As much as we hate to see the tragic deaths of those four brave Americans become a political brouhaha, we’re glad to see that at least they’re being prominently mentioned in the news. There are valid questions about the nature of the mission they’d been sent on, what sort of intelligence failures led to their demise, what America is doing in a place called Niger in the first place, and why the administration was not more forthcoming with answers. We don’t doubt that there are valid answers, and that some of them can’t be offered without revealing classified information that might put other brave American soldiers at risk, but the grieving families and the public at large deserve that cautious explanation and some carefully-worded empathy. So long as the Trump administration can’t muster that, we expect it will suffer at least a few more days of outraged stories.

— Bud Norman

No Way to Treat a Lady

One should never call a woman a slut, unless she’s into that, and it would have been better if Rush Limbaugh had not done so. Still, the indignation of his critics is hard to bear.

If you’ve limited your news reading to the important things, you might have missed the story. In the wake of the Obama administration’s decision that the Catholic church should provide contraception, abortifacients, and sterilization for the employees of its hospitals, schools and other large institutions, a Georgetown University law student with the intriguing name of Sandra Fluke spoke before an unofficial congressional hearing about the burdensome injustice of not being provided contraceptive coverage by the Catholic school. Radio commentator Limbaugh disapprovingly commented on her comments during his popular program, and in the course of his commentary he likened her to a prostitute and referred to her as a “slut.” Much tsk-tsking ensued from the rest of the commenting industry, several politicians expressed grave offense, outraged activist groups scared away some advertisers, and Limbaugh wound up apologizing at length on consecutive broadcasts.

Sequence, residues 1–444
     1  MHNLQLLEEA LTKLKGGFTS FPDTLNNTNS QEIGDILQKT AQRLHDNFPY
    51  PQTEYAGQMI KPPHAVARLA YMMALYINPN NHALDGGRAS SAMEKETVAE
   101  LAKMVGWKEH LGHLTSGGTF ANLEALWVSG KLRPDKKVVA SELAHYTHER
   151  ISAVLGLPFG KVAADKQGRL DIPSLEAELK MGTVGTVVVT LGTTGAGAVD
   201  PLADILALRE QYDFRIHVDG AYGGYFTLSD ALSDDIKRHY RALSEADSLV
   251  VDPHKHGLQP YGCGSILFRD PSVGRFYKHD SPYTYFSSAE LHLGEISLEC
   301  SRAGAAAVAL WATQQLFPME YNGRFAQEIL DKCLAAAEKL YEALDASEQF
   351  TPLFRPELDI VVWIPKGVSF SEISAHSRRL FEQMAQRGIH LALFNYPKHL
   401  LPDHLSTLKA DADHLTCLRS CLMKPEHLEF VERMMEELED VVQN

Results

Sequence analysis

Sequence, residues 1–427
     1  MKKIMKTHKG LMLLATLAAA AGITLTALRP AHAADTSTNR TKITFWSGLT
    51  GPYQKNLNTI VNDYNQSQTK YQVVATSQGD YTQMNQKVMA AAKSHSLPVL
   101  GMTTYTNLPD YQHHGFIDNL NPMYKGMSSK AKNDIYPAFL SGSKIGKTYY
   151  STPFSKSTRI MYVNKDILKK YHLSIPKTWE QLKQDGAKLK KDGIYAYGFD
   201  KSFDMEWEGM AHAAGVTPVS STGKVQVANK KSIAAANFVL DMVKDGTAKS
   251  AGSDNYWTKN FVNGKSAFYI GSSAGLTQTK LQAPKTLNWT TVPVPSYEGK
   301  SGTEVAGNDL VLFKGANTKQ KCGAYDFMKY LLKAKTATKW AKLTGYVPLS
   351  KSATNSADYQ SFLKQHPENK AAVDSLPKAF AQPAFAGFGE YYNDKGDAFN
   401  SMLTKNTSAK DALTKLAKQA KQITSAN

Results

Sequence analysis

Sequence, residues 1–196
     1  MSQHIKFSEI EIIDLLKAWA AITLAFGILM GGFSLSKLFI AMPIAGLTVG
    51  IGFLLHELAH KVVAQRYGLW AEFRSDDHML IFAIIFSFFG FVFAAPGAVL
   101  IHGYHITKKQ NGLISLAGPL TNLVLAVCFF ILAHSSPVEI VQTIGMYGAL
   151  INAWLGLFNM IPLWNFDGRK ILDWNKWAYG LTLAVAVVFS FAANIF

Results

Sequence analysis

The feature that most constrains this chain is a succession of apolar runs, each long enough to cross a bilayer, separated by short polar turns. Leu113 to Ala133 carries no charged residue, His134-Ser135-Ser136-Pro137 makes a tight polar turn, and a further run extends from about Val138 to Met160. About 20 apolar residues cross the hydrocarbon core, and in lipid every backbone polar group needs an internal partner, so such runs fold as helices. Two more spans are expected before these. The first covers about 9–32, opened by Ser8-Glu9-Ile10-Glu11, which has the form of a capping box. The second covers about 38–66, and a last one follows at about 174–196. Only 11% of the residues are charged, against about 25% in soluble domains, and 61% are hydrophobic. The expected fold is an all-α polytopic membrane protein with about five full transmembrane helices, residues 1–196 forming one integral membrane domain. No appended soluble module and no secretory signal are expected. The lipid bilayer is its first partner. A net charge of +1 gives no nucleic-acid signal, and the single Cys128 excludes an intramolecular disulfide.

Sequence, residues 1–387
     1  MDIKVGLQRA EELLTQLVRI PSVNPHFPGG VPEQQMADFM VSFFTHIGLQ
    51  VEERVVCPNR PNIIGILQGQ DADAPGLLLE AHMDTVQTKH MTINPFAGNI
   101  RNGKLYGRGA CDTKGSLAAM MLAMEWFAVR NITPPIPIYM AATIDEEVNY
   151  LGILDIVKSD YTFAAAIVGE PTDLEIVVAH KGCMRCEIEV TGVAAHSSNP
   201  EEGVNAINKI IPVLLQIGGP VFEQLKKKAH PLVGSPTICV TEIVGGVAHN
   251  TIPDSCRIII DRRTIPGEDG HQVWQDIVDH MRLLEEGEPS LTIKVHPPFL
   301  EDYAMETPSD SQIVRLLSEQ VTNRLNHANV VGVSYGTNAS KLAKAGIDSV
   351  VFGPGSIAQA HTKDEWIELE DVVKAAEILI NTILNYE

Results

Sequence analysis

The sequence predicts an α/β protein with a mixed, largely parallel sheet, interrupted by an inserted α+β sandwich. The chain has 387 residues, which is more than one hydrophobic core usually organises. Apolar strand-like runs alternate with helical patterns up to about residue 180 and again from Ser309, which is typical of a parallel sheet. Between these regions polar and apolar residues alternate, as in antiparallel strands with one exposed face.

Such broadcasting brouhahas pop up from time to time, heaping massive amounts of publicity on the offending speaker before fading from the public’s memory, and this is just another one of them. Limbaugh’s many enemies are hoping to make the most of it, however, and it should be noted that their protests are censorious, opportunistic, and hypocritical.

The president apparently called Fluke “to express his disappointment that she has been the subject of inappropriate personal attacks,” but he won’t be returning the million bucks that was raised for his campaign by foul-mouthed comedian Bill Maher, who has refused to apologize for calling former Alaska Governor Sarah Palin an ever harsher epithet that does not bear repeating here. House Speaker Nancy Pelosi called on Republicans to disavow “the vicious and appropriate attacks,” but had no public opinion when television wag David Letterman insinuated that Palin’s apolitical daughter was promiscuous. Rep. Steny Hoyer is apparently advising Fluke to sue, but offered no such advice to conservative radio talk show host Laura Ingraham after MSNBC’s Ed Schultz called her a “right-wing slut.”

Examples of such liberal vitriol abound, as any prominent conservative woman will attest, and are in keeping with the generally degraded nature of contemporary popular culture. Since the days of Lenny Bruce and The Berkeley Barb the cultural left has championed vulgarity, profanity, and the personal attack as authentic and liberating, and at this late date it’s galling to hear them complain that some of it has seeped in to Limbaugh’s shtick.

Still, it would have been better if Limbaugh hadn’t said that. It’s not only unseemly, so very like the sort of people he usually rails against, but it also distracted from a fair critique of a ridiculous young woman who chose to thrust herself into the national political discourse. Fluke’s notion that her rights are being violated if the government doesn’t pay for it will prove extremely expensive if put into practice, given that we’ve all got a right to guns and many other costly things, and she deserves ridicule. It’s bad enough when people think the world owes them a living, but Fluke seems to think it owes her some loving as well.

Which is not meant to imply any promiscuity on her part, of course. She’s no doubt a fine young woman, just slightly mistaken.

— Bud Norman